I lost my car keys yesterday when we went to lunch and then to the St. George art museum which puts on annual display of pink and white flowering blossoms. When I got home, I realized I didn't have my car keys and had a fit, so to speak. How could I lose my car keys? I have never lost my car keys in 80 and one-half years (almost). So back to the St. George art museum, not expecting to find the keys. Upon entering the museum and mentioning keys to the ladies at the desk, they gleefully produced them before the words were out of my mouth. I had dropped them while trying to untangle my seat belt with a few impolite suggestions, get my huge camera in the car door, and kick the junk out of the way so I could get in the car.
Of course, my camera battery died in mid-photo shoot, whereupon I said we might as well go home. At which time I spent an hour trying to find my camera battery. When my wife came home, I told her of my plight. She came in my "den", picked up some papers, picked up the box beneath the papers, opened the box, rummaged for a moment (I had previously searched self-same box numerous times in previous hour of disgust), picked up a Canon battery charger, and cheerfully said, "Would this be it?" Of course it would be "it." This was the third time this week she found something instantly I had been searching for forever and asked "Would this be it?". Now my camera battery is charged and I can go take some more photos of pink and white flowering trees.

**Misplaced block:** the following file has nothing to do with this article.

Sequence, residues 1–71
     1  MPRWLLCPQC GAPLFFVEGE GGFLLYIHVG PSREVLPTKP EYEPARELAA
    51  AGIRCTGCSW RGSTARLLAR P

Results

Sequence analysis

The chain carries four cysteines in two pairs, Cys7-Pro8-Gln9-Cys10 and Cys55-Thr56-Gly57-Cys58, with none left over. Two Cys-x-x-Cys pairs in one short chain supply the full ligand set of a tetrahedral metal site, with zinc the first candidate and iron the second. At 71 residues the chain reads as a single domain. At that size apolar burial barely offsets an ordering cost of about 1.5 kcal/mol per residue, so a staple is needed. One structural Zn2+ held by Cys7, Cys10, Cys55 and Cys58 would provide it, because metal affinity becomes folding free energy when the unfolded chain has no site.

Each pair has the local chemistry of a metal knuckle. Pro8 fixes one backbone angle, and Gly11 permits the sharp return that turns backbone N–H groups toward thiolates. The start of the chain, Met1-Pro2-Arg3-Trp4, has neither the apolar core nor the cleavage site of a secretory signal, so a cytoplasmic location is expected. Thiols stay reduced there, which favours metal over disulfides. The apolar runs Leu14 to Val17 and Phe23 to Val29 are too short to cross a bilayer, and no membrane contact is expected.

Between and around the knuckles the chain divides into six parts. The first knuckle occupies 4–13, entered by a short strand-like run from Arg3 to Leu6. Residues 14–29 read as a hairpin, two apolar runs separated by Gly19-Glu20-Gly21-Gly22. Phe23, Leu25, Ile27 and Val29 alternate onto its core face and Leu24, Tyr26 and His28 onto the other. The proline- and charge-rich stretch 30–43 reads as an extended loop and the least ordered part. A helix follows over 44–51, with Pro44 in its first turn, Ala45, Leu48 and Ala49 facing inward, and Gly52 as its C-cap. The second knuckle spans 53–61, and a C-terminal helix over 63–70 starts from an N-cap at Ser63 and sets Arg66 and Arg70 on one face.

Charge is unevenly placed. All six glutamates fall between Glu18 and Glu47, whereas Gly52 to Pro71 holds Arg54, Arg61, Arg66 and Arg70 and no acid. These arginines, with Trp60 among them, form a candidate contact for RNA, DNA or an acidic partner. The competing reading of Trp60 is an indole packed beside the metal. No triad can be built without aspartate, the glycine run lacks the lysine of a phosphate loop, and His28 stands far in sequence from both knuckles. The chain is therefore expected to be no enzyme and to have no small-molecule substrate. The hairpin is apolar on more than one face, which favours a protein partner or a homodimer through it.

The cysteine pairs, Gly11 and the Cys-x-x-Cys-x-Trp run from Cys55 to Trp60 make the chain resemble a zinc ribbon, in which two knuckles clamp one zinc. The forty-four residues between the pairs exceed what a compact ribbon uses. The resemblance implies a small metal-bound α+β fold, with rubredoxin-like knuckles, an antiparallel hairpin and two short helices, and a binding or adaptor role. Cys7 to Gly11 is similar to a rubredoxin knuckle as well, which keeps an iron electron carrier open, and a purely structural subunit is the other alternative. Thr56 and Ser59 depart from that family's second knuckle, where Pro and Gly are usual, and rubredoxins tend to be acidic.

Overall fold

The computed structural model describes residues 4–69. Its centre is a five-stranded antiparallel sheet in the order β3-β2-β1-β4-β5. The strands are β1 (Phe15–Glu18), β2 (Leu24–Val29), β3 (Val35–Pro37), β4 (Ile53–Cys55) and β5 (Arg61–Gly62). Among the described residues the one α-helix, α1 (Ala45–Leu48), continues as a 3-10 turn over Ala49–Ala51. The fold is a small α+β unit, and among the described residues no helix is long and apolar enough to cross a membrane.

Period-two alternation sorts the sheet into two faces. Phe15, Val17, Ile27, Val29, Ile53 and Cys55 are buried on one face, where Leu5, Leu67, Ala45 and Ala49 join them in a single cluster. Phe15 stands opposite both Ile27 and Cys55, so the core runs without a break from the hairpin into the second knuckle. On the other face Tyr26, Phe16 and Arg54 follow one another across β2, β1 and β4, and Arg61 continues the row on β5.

I have spent about 2,000 hours trying to figure out how to format Microsoft Word 2013 manuscripts into Kindle publishing format. I bought about seven formatting manuals on eBooks from Kindle and found myself more confused than ever since everyone had slightly different suggestions and some left out rather egregious lapses in moving ignorant people to the next step. I have given up this project several times.